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Responsible Government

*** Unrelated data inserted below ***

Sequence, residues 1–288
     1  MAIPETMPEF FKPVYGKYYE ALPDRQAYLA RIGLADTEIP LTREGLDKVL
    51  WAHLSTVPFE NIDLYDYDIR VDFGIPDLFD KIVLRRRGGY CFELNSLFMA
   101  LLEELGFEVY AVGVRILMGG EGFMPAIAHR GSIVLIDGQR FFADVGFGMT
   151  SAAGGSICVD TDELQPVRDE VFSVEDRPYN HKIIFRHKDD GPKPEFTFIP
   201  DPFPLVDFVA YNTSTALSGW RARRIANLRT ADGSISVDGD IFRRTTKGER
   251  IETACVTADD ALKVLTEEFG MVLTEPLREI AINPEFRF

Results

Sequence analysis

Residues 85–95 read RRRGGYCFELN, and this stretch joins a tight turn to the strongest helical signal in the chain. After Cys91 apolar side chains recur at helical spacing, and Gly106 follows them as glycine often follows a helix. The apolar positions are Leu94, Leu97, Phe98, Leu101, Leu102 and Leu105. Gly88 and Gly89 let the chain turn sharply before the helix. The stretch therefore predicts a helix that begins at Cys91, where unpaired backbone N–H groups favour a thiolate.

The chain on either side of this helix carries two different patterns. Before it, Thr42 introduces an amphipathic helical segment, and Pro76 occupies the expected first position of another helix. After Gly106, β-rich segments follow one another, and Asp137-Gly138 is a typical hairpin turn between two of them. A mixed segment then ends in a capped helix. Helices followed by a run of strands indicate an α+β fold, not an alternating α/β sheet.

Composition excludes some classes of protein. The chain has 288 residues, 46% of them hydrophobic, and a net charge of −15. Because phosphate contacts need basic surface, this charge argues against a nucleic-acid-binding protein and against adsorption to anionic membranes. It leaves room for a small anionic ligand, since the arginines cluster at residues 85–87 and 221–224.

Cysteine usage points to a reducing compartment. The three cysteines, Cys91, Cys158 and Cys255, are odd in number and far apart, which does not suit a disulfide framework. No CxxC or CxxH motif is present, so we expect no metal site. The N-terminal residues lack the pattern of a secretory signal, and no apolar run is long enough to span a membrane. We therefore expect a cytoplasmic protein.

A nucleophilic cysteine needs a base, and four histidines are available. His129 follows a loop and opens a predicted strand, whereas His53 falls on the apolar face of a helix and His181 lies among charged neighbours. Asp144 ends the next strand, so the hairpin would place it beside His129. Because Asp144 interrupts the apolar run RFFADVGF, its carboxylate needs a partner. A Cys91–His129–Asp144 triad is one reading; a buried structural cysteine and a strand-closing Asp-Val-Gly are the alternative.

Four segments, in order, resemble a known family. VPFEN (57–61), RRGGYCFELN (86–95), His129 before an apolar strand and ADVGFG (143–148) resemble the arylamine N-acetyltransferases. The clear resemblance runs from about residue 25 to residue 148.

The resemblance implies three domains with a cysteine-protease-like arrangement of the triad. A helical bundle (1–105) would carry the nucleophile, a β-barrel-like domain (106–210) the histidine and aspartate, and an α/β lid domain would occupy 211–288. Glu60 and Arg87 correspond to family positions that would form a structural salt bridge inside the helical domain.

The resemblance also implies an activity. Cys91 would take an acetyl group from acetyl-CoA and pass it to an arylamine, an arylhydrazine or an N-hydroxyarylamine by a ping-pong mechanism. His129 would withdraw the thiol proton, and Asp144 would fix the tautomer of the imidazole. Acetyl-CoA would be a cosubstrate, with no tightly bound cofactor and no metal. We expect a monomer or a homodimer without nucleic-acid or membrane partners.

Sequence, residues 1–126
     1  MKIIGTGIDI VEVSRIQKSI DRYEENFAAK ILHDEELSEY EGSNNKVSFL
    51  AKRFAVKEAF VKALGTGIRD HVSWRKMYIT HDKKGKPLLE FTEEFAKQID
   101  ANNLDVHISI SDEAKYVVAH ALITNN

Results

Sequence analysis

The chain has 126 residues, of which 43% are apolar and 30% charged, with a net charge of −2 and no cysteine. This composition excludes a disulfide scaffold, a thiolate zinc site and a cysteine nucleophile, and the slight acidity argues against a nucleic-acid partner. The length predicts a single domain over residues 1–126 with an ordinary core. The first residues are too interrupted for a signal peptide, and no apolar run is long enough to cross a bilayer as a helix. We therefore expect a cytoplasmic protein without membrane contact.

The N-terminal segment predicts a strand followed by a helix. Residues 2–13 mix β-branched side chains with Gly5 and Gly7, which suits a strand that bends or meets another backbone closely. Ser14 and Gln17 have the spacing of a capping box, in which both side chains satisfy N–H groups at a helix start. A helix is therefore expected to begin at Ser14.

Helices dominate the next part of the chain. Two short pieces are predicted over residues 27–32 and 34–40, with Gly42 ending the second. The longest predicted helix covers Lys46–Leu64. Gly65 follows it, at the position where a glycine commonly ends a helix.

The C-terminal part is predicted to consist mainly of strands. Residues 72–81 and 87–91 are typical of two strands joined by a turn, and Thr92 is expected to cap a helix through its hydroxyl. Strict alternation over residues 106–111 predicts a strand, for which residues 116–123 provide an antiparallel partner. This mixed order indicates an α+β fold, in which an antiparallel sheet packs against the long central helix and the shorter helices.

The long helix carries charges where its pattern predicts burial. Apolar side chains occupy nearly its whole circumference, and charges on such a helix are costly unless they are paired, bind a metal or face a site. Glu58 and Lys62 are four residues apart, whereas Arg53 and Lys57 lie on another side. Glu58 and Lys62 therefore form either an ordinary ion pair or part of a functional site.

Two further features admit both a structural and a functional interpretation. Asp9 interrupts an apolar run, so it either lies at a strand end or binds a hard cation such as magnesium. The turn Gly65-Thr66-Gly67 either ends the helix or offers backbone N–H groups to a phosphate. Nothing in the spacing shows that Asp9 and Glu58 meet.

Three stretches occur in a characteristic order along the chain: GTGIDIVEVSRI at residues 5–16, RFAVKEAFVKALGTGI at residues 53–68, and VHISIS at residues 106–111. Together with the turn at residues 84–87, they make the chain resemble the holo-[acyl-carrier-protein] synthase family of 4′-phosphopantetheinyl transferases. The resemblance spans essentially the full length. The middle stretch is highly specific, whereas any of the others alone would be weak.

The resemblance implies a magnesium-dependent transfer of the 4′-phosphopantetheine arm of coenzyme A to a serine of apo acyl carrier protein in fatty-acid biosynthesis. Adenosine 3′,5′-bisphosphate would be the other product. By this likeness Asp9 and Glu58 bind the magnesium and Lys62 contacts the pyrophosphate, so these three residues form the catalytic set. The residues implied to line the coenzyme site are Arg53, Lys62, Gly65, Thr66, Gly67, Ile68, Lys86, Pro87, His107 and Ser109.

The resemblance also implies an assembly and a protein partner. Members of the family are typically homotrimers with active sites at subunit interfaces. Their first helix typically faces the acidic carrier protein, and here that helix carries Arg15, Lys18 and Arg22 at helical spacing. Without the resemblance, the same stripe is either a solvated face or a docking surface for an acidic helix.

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I propose to expresa briofly my views in regard to rcsponsible govemmont a appiicable to onr democratie orrepublican theory, andfrom it if sudcessfül, shftll hopé to deduce something of practical benefit in the legislación before us. I express, sir, no novel sentiment in the deelaration that our democratie theory is in its essential elementa a revolutionary movemest in goveruments and in conflict with the theorics of the groat body of tlie nations of the world These nations, supportcd by the prestige of long ueago, recognize hereditary atfthority, "the divine right of kings ;" power acqnired by the accident of birth ; a singlo BOYereign, and he or she not such by virtue of eminent qnalificatlons or of patriotic dovotion to the public gooi, but as a right horeditary, by virtue of which the right to rule is confutad to one pel'soH, flrhlle themillions somponinc; tho uation are the subjecte, who, however gitted they inay be, or poasesaing whatever of superior ability, are the subjecte of that rule. Tuis, eir, ia iu brief the thoory of mqnarchical governments. And, although, as is well knowu, in it application in many of tho civilized nations it is limited and dKested of mauy of it severities, it ie in tho abstract, as beforo statod, the theory of the governments of tho great body oC the natious of the world. Our democratie system revolutionizes this, and founds its claim to favorable recognition in a denial of this "heieditary authority," and asaerts as its dogma of political faith that all "rightful and soveroign authority springs from and is vested in the people, " thereby transposing tho monarchieal theory of a "single sovereign and ho irresponsible, and millions of subjects and they reaponaible, " into the aystem of "millious of aovereigns" having a few eervanta of theirown selectioa, and they "responsible to them."' This grand conception of government framed by tho founderá of the Kepublic it is oura to protect and preserve. I shall not attempt argument as to ita coiTectness, but will assnme that all concedo it; nor shall I charge that any poiitical organizatiou or body of men in our country are intentionally disponed to thwart ite logitimate application or defeat its piu-poses, but will content myaelf with tho expression that in my judgment we are giadually. yet certainly, dnftiug bevond and away from it. xno sysiem aemanus tue constant rocognition of tho sovereignty of the peoplo, and of accountability to thoru by their aervants, who, as thoir agenta (selectod and chosen by them), exercise the functions of offico in tbeir name by virtue of their authority and for their good, the servants, from tho highent to the lowest, realizing ever a constant and abiding responaibility to the people, and they a mastcra denianding alwaya a strict complianoo wilh the full measure of their rightful sovereigu authoiity. Tho fathers of onr Republic not ouly underetood our democratie theory, hut atudiously acted in conformity to it. Aa an examplo, I propoae in thia connection to pteeeut the adminietration of Mr. Jefferson, .who is conceded to have been the maater spirit in its inauguration. Pervading every act and movoment of his administratioit, thero was the constant reminder of the sovereign authority of the people, and of the humility, accountability, and responüibüity of tho servant. This he evinced uumiatakably by the simple and unostentations exercise of his ofiicial duties, acknowledging constantly in his every act to hia countrymou that ho waa their norvaut, selected and commisaioned by them to ubscrvo their will, and to devote hia best enorgies to their welfare, aud not to subordínate hifi position to promoto Beliiah onda or personal aggrandizement. Henee he discountenauced and baniahed from the ejecutivo office aud the Executive Mansion all of the trappinga and idld meaningless flummery of aristocratie pretensions, and substitutod therefor the plain aud simple, yet intelligent and dignified, demosnor andsurroundings appropriate tó t!io republican simplicity of a nation not only of freemen, hut of BOveroigus owning their own Government. Appreciating fullyhis responsibility and accountability to the people, he made during his Presidential terms of oflice his permanent reaidence at the nation's capital, whero with watchful vigilanco he, as its hend, could direct and control the exocutivo administration, and, beiug at his poet of duty, could prevent corruption and detect ineflicieucy on the part of tho subordínate officials connected with the Government of which he had charge. llesidiug at tho nation'a .capital, willi the Government archives at hand, ho could direct aud properly instruet its diplomatic representativea abroad, and alao properly receivo aud coufcr with tho accredited embassadors of the nationa with which ours was on terma of political intorcourse. Kecognizing his responsibility as a servant, ho was extremoly cautious in guarding against all approachea to secure patrouago bj' deaigning men, who by intorested kindness or valuablc gitte seek to iugratiate themsolves into his favorable cousideration for tho selflah purpoao of obtaining oflieo, and whicli, whon obtained, they would uso to acquire fortunes for themselves by pluudering the poople's troasury. Conecioua that he, liko othor men, was Bessed cf the passions and impulses of a human íidturo, lio lcuow tbat it wan dangcrons, wuen acting as tho high nervant of the people, to allow himuolf to bo patronizod by the designing Bharper. He would accept no gifts, and honco had no improper inducementa to the granting of official favors, and therefore appointed none to orneo oxcept thoae who baaed thcir claims on merit, and who eouldsuccessfully witluitand rigid examination and Buatain character tbereby boüi for integrity and capability. As President of the Umted Staten, and recoguizing that hb held that station 88 tho servant of the people, with ita duties to bo diacharged so aa to promoto thoir protperity and happinesB, and deeply sensible of tho obligations tbereby imposed, the seiimh desire to enrich hiniHulf or by it to advanco tho foiciuiesof tlid.-i' connected wltb. him by the ties of rolationship could havo no controlling iniluence over him. Sir, he did uot, and would not, appoint any of bis relations or kiudrod to ofiico. He did not beliovo tbat tho vaiioua ollicos Bubject to lus bestowment wero bis individual porquiwitoa, nor flubjoct to distribution by him among his kindred and pernoual favoritee ; bat, on the rontrary, ho regarded tliem bh imply cominilted to him In trust as tho chief eervant of tho people, and that lúa duty was to dispense thcm in thoir interest to thoso, and io thono only, to whoni thd jiublic mind pointod as best fitted by expeiience, qualiüeatious and integrity, to diacharge tho incumbent dutics thereof with eiïicienoy and fidolity. In thus manifesting a knowledgo of tho charactor of bis responeibility, and acting in couformity to it, wo now, in roviewiug the eminent Bucceas of bin administration, readily roalize that hie was the only siu'o pathway of safety. I would not (irguo, nor do I boliovc, thnt tho reception of gifts, largo or small, would have corrujptod him. His was not tho material fiom which corruption readily prings. But thero was Bafety in putting hiinaelf in the position to assure the public that, in hi selectionf, no taint of bribesor acknowledgnieutof perBOual favore received had auy inlluenco in the dispenaation of the ofneial patronage liioi. Ñoiíher wonld I assöme that the publta fier'vice woülcl hvo mtfíefislly, if at all, snffered by tbe bestowment Of official stations ttpon lito kindred or relations. On the eantmiy, it iB but fair to presume that so puro and 80 great man was hardly of a relationsbip or kindred of iülnro and cotrnpt men. Yet such a case was pOBBibiej ííb'3 rvíthouí the establishment of an unyielding and iniiciil-l1 n)e %ainst it, it was poasible for kindred tie3 tó ClifOdj rtnd tin public welfare intrusted to hiin Buffer Üirertigti a human weakuess indulged to gratify the importunitiea of a needy relationship. Ani). aeain, a wholesome public sentiment, ever inuiöpfcn'iaTyie in a free government, was to bo conservod ; aüu it rflighf be diffleult for him, oven with hie untarnianed fttttie aod bit-b character for integrity, to satisfy that pritrlic sentiment that the reception of gratuities frorfi friends, or the strong ties of kindred, had not iiiduced or coustituted some element of influenco In his SOtlons, rather than that they were controlled purely ín the lnteresta ef the public. Hie high station demanded au abnegation of se'f, tmdof'aji selfish influencea, and an exalted, unlf'mmelefl effort iu all thiugs to moot the demanda of thö fnibllo will, and he was strong enough arid patriotic enemgh faithfully to áiHchargo ite dutié's. And f 't was principio that prompted him so it wan wftn iïl of the earty Chief Magistriites. The doctrine of "söTereign power in the people," aud responsibility and acconntabilitv to them by the servant, was a cardinal principie -with all of thera, to which high standard, faithfully acted up iC, thesafety and welfarof tho Repnblio was asourea. Bfii, fnrtnnatel? for ns, in these later Or9 we have bOeti dfifting iiay from these some precepta and these good e.taroplcs, and as a result, the public sentiment tó dëbauhedj pitbHc moráis corrupted, and misÉtianagetneöt, raisnile: anti widèSpread demoraliéation permeate the whole body-poliiic. Sir, I do not, and would not oh íhte occisión and in this presonce, make personal atta'iss. On the contrary, I would desire to treat fairly and deal kindly with all men in official or unofücial stations ; wonld profer, öir, and can with much rcaeon, attribute tho corruptions, frauds, and political demoraliüatioim. which admittedlyenstallaround the rapidly growing tendency of a vicious systeia which has sprung up among nu. This systetH, sir, Is simply a reverse of tho good onè that I hfete been descfibing. Officials now aro beginning to feel that they are not reRponsible to tho people as a sovereiga power stattdlng behind them, and whose sovereign will thoy ufo ti otioy, büt rather that they of themselves aro thö legiiitüat eonrees of authority. Should a chief magistrate feel thns, we coulil hardly expect of him an administration such as we have been describing. The master seldom oboys tho behonte of the subject. Nor ia the ir esponelble ruieï likely to manifest any nice sensu of duty or obedienee towafd those whose prerögative it is to rulo and control. And, now, sir; comparing the political teiidencics of the pf eêont wich thCfso illjistrating the adiniuistration of Mr. jeifereorii I venture the suggostion that it will be disovered that there is manlfested now a growing, vicious tendency on the part of officials to goverlt too much, or, to express the same idda in aiiothór fprm, tb ero io too little t'onfideuce in the aWIity of the peopïo to govern, and oonaeiu(íut!j' a diepositiön exhibited by political leaders to enCröaè'h öpon iheir authority. It appears to me, from the investigation that I have beou able to give to this subject, that if the political Retors who were contending for supremacy in the dfeys of Jeffernon and Han?ilton were ñow on the political stage, the followers of Hamilton would witneea in tho prene'it politicid aetion an eiomplification of his principies. Let us for a moment cousidSr Hie basis trpon which each of these eminent men ftfúflded tlieir diverse theories. Jcfferson, realizing that necessity was the author of progresa, favorei thn impoaition of the heaviest possible responnbiUties upon the people, realiang that when responsibility was devolved upon them it created domand for thought and aetion. thereby developing higher qualificationa and elevating tho general standard of capacity. fiamllton, on the other hand, conservativo and patriatical in his views, doubted all radical oncroachments on the theories of tho past, and therefore advocated the retention of pOTfer in the few. 7hile Jefferson doprecuted extensivo or exceseive legislation, for the fundamental reason that he desired the people for theif own advancomeut and security to act freely, Hamilton, under the iniluence of oppoaite theories of government, doubted their capacity and marshaled his forces across the pathway of progresa, To this divergence from the highways marked out and illustrated f ot us by Jefferson ia, in my judgment, attributablo the broad difference in tho externals of public administra tion now and Uien, and tho departnre from the high Standard of official moráis that then just[j eutitled na to the respect and admiratiou of the world. To it is to be ascribed tho corruptions that pervade all the social as well as political f orms that cnthrall us, the flippaney with which violations of the ballot-box, the people's emblem of power, are treated by the country, and tho general political demoralizations that. now juatly subject republican institutiona to adverse criticism by the advocates of the forma of governmeut of the Old World. I have, sir. thus f ar directed at tention main!y tö administrativo or executive aetion. But :he argument applies as forcibly to all other branchea of governmont ; and, in fact, perhaps qo department is eo hable to abuse tho sovBreign will as the legislativo. Our early Congresses were compoaed of men who reveronceu the Constitution, and conformed their actions strictly in obedience to the limitationa of tliat instrnnient, and acted constantly with a tull reeognition of the principie that they wore simply serrante, not matrs ; that the aovereigu pow r was lodged in thoae who elected and paid them, and that to it thoy were responaiblo and accountable. Acting np to thia standard, thero was doveloped a clase of membership which for integrity, ability and moral uprightness ehallenged the reapect and admiration of the civilized world. To be kuown in the early days of the Ropublie as a member of the American Congreaa Tvas of itaelf an accredited passport of reapoctability among the good ana the great wherever good and great men lived. A Congresa compoaed of men feeling that thoy were aimply reaponsible and acconntable ervanta of a sovereign constituency bohind them, with the eyes of that conatituenoy contautly iipon them, could not and would not wantonly lo an act in conflict with the soyereign will of that peoplo as oxpreased in their Conatitution. Sir, a CoDgresa of men who rully appreciate bis idea, and wlio, in the language of a digíinguiahed gentleman of thia Hoiise, "Saluto the auguat majesty of tho peoplo," will not fail to protect, defend, andpreaervefreegovernment. A Congreaa thuB composed will not careleasly imd reckleaaly vote away or appropriate the people's money or their laudcd heritage. With such a body uñguarded, nnconstitutional subsidies and grauta of lauda and money, to overgrown, aoulless corporations would be aii impoaaibility. Good servanta as legislutors, feeliug their rospousibility to their aovereign masterstho poople, could not and would not pass lawa of a doubtful constitutionality ; and apecially would they gaard againat doing bo when thoae lawa inrolved tho appropriatiou of large Bums of money wruug from that peoplo by onerous taiXation. With a Congross tluis composed the diagraceful taiut of a credit irobilier could have hai no existenco. Neither would the fury of a nation'd anger have ahakou tho Itepublic with the indignant and peremptory demand for a repeal of a " salary grab." Forthemembersof a Cougresa f oeling even thoir reeponaibility aa the peoplo'e servant could not have been comipted by the one nor have voted to make tho other. And now, sir, in attompting very briefly yot practically to preaont the reault of these unförtunato tendenciea, allow me to ciül attention to tho character of legialation that has received and now engroases a largo portion of the time of Congresa